I’ve been reading a book lately called Selling Spirituality: the Silent Takeover of Religion by Jeremy Carrette and Richard King. I’m reading it to help me collect my thoughts about a piece I’m working on about Buddhism and pop-culture, the commodification of Buddhism, and how Dharma Burgers will ultimately destroy Buddhism and take down the whole world in the process. (That’s about 75% hyperbole, by the way.)
Carrette and King wrote this book to counter the notion that “spirituality” or “religion” are separate, compartmentalized aspects of our lives, that there is some essence, some real spirituality out there that is being corrupted by the evils of capitalism. They’re not saying that at all. They’re saying something much more frightening. They’re saying that the more commodified spirituality/religion become, the more accommodationist they are to a consumer, capitalist economy. The more accommodationist spirituality/religion is to capitalism, the less revolutionary it is, the more it merely supports the status quo and does nothing to effect real social or political (let alone spiritual or existential) change in anyone’s life.1
The book was first published in 2005. In the introduction, the authors talk a great deal about neoliberal politics (think Reagan and Thatcher) and how their systematic deregulation of businesses and corporations and everyone who followed them moving steadily toward “the Center” allowed the spread of a global economy that treats a handful of powerful international corporations as people. As I was reading it just now, I kept thinking, Christ, the current economic meltdown has been a long time coming, hasn’t it? The policies put into place twenty or thirty years have finally bared fruit.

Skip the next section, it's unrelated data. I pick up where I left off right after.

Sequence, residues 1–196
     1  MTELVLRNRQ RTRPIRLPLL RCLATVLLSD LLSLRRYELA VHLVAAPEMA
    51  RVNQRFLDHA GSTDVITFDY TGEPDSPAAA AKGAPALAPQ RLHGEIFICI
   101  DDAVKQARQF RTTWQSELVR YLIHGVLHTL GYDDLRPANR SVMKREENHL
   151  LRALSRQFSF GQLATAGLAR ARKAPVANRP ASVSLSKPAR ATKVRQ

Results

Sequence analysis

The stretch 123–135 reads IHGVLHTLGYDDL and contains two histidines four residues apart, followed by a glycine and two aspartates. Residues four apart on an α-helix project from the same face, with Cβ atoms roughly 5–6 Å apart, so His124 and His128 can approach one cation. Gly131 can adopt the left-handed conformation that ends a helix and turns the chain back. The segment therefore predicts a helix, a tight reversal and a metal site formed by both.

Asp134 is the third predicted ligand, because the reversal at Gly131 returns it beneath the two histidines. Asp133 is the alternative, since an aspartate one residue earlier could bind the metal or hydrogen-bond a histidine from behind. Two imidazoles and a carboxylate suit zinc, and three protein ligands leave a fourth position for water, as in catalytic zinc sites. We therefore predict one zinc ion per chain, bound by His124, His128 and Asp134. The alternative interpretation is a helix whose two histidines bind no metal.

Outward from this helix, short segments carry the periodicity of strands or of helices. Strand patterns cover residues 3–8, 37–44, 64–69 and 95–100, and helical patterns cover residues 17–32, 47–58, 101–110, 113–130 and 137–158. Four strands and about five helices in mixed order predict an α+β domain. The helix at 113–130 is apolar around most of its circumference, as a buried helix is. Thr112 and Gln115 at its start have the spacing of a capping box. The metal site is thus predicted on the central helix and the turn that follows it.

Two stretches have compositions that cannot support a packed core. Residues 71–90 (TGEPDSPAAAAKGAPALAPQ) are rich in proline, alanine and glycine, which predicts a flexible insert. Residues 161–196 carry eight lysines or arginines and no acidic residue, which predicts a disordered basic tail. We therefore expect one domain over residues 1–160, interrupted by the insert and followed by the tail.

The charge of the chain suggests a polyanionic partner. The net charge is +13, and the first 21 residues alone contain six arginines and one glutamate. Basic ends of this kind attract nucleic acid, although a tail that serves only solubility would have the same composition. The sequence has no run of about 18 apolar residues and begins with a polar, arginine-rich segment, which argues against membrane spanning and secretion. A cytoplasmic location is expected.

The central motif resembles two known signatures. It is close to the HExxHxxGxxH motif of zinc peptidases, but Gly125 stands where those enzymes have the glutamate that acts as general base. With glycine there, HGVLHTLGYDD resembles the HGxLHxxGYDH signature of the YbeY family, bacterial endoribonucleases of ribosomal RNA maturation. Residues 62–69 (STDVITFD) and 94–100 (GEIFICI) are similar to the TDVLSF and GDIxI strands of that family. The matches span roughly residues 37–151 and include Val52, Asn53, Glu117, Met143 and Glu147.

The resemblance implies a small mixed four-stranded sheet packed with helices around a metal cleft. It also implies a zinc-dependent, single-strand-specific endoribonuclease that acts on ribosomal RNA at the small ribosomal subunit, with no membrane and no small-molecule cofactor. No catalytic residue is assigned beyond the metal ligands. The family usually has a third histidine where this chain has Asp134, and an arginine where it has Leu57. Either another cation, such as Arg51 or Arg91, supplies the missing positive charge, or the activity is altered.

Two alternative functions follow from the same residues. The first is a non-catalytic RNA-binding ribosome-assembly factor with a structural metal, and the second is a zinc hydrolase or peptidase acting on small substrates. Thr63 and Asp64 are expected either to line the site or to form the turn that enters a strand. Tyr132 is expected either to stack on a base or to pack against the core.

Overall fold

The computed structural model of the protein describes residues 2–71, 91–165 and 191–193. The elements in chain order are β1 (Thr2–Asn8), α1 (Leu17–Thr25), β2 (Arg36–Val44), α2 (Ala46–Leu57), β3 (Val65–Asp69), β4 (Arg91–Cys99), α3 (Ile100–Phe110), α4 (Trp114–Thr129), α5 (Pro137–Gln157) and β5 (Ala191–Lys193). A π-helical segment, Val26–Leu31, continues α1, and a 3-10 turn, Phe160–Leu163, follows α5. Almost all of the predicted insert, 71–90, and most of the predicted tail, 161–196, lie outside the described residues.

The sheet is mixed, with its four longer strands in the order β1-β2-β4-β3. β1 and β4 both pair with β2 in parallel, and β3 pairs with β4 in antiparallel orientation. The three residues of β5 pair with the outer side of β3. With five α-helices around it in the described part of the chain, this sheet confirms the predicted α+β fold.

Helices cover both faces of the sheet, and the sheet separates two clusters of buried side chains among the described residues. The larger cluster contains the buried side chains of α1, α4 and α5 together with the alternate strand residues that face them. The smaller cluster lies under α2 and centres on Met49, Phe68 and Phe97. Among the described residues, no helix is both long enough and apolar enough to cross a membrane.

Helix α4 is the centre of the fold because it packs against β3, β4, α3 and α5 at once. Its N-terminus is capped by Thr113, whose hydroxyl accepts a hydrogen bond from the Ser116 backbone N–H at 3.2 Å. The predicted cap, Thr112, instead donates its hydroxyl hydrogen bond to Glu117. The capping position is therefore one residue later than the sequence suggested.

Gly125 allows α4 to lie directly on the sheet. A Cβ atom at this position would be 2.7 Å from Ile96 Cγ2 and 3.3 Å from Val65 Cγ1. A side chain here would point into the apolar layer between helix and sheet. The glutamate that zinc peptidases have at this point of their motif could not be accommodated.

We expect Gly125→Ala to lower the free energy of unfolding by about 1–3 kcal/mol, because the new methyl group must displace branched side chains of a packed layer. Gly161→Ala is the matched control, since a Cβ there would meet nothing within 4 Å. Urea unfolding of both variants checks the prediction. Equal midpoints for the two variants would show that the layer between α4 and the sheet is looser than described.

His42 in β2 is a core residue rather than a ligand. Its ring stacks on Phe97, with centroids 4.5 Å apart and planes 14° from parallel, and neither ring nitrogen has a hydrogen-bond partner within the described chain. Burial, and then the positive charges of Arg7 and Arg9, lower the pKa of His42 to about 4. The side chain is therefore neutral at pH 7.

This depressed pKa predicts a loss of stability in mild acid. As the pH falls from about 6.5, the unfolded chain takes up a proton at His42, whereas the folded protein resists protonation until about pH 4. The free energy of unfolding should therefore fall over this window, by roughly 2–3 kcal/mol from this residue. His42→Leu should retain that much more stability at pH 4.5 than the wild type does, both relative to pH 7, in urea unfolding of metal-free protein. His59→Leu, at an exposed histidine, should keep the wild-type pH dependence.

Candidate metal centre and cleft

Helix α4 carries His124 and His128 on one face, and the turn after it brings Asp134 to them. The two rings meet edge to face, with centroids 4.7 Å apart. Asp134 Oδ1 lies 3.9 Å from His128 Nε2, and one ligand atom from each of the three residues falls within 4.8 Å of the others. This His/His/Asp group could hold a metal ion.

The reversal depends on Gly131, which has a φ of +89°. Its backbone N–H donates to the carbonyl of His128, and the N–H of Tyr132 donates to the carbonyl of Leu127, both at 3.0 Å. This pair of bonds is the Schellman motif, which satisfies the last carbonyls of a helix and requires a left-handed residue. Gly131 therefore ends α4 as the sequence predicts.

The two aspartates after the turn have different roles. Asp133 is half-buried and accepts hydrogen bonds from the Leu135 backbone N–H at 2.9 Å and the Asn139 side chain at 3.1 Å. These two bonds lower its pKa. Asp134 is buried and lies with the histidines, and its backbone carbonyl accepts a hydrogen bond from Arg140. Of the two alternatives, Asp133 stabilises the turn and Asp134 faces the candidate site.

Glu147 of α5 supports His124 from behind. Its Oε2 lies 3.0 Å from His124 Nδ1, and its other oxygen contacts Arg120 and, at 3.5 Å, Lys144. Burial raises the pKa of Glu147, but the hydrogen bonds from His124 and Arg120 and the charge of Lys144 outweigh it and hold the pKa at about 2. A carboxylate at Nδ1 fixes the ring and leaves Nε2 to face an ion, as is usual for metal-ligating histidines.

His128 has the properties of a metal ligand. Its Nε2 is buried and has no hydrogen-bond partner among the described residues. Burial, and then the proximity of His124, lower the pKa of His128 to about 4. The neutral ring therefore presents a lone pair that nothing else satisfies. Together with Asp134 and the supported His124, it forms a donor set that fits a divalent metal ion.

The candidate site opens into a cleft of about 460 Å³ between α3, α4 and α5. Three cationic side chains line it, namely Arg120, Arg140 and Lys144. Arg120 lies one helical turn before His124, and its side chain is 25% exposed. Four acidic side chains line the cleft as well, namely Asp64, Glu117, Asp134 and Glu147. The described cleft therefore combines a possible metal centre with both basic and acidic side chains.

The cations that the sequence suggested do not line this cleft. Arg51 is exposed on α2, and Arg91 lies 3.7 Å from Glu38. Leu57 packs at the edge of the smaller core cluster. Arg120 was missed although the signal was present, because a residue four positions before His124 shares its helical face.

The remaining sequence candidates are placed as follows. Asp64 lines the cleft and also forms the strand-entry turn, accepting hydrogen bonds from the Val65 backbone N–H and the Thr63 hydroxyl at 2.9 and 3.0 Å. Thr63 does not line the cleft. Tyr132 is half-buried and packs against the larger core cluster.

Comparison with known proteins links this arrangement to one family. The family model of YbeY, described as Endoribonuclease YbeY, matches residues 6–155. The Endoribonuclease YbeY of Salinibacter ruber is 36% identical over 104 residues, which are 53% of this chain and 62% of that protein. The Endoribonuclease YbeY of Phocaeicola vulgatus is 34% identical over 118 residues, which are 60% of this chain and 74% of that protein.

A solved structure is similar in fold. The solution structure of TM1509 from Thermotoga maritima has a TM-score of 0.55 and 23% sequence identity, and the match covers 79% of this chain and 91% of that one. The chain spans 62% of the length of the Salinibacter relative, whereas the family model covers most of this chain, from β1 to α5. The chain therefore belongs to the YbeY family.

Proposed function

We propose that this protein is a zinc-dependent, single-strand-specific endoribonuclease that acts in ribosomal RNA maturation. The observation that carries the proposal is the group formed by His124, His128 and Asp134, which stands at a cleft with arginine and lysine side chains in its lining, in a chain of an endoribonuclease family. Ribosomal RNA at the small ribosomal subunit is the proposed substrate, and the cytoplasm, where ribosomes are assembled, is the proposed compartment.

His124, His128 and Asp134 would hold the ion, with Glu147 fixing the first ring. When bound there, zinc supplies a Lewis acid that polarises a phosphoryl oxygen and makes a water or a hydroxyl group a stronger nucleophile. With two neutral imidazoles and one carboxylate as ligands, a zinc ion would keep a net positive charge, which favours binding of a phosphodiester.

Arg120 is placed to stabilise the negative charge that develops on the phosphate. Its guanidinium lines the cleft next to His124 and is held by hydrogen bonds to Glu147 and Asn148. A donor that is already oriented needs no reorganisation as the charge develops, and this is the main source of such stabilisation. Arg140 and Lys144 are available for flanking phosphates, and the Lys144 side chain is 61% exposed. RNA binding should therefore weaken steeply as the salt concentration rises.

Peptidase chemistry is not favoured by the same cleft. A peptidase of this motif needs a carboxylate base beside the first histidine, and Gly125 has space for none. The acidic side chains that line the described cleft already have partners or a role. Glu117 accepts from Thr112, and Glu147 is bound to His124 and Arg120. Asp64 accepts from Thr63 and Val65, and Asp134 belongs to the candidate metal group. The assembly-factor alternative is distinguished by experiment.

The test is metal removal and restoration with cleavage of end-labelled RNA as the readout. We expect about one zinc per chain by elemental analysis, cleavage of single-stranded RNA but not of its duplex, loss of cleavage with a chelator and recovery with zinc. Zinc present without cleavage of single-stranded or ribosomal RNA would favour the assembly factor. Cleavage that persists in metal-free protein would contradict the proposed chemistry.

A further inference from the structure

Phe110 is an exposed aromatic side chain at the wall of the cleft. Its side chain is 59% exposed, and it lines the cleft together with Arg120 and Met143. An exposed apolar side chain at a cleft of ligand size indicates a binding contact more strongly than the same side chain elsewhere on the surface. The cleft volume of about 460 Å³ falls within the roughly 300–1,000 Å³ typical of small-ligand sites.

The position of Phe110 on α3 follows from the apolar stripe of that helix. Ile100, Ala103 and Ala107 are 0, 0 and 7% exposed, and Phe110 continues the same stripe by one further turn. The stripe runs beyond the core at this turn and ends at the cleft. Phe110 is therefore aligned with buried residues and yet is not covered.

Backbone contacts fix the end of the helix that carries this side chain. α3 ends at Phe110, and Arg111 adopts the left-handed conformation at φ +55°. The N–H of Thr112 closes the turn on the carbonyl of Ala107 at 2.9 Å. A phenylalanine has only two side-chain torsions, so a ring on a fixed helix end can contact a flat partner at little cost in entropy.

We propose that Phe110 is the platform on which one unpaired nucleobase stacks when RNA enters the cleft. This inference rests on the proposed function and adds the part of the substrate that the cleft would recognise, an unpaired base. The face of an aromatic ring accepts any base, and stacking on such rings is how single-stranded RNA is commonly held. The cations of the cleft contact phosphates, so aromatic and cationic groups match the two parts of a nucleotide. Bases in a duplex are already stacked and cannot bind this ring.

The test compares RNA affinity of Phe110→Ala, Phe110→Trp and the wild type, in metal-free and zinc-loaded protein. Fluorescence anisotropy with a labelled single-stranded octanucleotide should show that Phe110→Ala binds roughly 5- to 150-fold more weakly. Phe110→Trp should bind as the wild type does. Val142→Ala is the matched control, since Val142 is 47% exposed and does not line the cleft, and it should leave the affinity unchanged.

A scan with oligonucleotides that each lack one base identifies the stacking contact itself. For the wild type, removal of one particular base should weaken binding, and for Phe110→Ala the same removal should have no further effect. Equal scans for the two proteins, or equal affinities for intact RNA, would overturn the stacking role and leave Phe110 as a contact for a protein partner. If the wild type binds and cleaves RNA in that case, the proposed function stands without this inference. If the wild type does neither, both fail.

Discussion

They quote one theorist, Leslie Sklair, who points out that the real political division in our world is not between “the Left” and “the Right” (because everyone’s in the Center, remember?) but between, on the one hand, the forces of economic globalization which seek to advance their own interests despite the common good, and, on the other hand, the local community-centered interests of the folks resisting the homogenization of world culture which seeks to promote human rights and the common good.
You may be thinking to yourself, what’s this got to do with Buddhism? With pop-culture? With the commodification of Buddhism? I’m glad you asked.
It seems ever-more apparent to me that instances of Buddhism in pop-culture (or for-profit consumer Buddhist products) are little more than a perpetuation of the colonialist/Orientalist project which seeks to define “the Other” for “us” and in the process emasculates and neuters the other. If Buddhism is something that is kitschy and cool and “for sale,” it’s not “real religion”; it’s a fad, it’s something you “experiment with in college”; and at the end of the day it fails to threaten the status quo.
But I’ll not bore you with post-colonial theory. Not yet, anyway.
On the other hand, it also seems painfully clear to me that Carrette and King are right on the money. A quick survey of popular Buddhist books, of the way Buddhism is presented through marketing and advertising for non-Buddhist products, or the way that “Buddhist” ideas are described in self-help or New Age books, reveals the accommodationist tendencies I alluded to up top. Without belaboring that point, just check out books like Buddhism at Work or Zen and the Art of Business. These “Buddhist” teachings are telling us that we can (and should) “live the good life,” that “mindfulness” and “compassion” aren’t ends in themselves or, for that matter, epistemological frameworks diametrically opposed to the individual-centric modern capitalist society they’re strategies for how to get a promotion. They’re not telling you how to change your life. They’re telling you how to succeed in business.2